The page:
A man shares his story after saying his bank account was drained after receiving a text message that appeared to be from his bank.
“I was surprised, but I might as well have just walked out my front door and given all my money to the first person I saw,” Marcas Miles told Good Morning America.
The text he received simply read, “Have you tried making a $500 cell transfer?”
Cell, a mobile payment transfer service embedded in your banking app, allows you to send money directly to people between bank accounts.
However, Miles said he hadn’t attempted to send any money, so he was eager to speak to whoever he thought was his banker.
“I was convinced because he kept saying, ‘Looks like someone is accessing your account from an IP address in Texas,'” Miles said. “Looking back – 16 minutes worth of manipulation and boy was it good.”
Shortly after the call, Miles received an SMS to confirm his username and login.
“Because I got a text, I actually sent it back,” he said.
Moments later he said his account was empty.
Miles’ story is one of many across the country as cell scams become more common.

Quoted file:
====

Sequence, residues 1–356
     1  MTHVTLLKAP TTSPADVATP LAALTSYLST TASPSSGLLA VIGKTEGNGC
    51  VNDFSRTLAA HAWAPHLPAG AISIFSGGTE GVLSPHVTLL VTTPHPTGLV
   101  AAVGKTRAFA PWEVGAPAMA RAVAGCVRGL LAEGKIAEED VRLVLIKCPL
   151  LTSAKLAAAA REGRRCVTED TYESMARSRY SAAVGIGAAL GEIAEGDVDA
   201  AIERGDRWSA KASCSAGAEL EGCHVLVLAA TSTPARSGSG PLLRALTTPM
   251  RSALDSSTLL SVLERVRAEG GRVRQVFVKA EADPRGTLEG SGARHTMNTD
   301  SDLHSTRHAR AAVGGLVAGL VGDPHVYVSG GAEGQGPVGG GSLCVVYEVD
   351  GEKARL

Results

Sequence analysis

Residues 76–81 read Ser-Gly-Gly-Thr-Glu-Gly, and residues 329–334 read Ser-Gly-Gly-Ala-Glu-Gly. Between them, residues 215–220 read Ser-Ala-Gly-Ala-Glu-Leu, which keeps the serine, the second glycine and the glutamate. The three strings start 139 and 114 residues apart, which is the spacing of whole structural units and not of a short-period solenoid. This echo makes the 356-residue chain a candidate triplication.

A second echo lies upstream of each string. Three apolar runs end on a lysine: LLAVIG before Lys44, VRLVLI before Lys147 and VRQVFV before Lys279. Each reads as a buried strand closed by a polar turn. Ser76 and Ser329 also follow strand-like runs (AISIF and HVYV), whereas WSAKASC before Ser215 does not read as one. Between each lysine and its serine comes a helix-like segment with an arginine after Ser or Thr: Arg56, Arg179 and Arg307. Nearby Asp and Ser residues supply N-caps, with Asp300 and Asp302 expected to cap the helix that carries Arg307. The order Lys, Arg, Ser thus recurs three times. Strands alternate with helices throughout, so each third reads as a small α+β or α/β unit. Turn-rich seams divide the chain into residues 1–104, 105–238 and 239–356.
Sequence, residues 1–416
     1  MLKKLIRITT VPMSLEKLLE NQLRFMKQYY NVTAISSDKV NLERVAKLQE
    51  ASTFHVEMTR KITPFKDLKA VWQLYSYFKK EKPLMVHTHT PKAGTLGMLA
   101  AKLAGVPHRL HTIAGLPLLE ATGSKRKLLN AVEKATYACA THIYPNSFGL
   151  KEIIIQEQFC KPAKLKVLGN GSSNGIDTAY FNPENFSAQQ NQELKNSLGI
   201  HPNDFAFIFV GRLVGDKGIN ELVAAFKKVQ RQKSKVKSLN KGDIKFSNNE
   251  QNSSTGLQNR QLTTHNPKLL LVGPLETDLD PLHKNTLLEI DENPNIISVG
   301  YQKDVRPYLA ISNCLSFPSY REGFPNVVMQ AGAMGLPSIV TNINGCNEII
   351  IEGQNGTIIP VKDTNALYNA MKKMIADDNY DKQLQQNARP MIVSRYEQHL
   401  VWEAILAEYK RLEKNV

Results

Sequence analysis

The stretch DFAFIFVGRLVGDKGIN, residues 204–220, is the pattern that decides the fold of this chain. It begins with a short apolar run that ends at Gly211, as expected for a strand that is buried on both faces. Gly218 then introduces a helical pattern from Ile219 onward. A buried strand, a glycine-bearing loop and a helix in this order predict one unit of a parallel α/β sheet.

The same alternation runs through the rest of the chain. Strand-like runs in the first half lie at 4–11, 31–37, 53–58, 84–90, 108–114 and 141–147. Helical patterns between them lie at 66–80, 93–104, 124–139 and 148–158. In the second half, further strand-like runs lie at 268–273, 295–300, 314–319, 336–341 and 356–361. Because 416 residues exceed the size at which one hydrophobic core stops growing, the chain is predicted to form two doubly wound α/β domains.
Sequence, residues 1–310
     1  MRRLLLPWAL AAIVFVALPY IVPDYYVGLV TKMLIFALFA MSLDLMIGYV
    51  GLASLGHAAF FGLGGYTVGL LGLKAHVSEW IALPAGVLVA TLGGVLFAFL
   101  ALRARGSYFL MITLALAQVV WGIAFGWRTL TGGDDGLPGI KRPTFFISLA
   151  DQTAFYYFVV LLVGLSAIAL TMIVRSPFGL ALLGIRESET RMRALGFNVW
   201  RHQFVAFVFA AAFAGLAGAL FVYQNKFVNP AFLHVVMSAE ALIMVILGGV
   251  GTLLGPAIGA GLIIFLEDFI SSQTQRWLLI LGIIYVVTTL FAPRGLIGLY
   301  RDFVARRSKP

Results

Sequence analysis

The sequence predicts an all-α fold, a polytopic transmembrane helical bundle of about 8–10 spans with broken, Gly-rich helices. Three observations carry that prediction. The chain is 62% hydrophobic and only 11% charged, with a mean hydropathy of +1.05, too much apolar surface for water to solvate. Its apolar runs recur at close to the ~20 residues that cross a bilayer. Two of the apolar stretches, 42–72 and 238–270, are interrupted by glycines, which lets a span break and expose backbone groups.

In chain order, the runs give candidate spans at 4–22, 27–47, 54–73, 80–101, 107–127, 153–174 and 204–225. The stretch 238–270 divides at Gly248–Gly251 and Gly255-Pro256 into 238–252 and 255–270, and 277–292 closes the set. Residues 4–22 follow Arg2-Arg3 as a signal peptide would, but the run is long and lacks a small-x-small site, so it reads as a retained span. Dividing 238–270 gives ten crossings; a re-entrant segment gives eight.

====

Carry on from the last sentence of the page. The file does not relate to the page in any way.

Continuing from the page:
Lawmakers are now working to make these money transfers more secure.
“Congress is considering a draft proposal to ensure consumers who are tricked into fraud have protections and their money is replenished from the banking industry or any other platform they used,” said Sally Greenberg, executive director of National Consumers league.
Zelle posted on his own TikTok to remind customers that his banks will never ask for personal information because they already have it.
To learn more, visit the cell website on scams and scams.
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https://6abc.com/zelle-scam-fraud-banking-marcas-miles/12282965/ Zelle scams: Here’s how they work and how to protect yourself and your bank account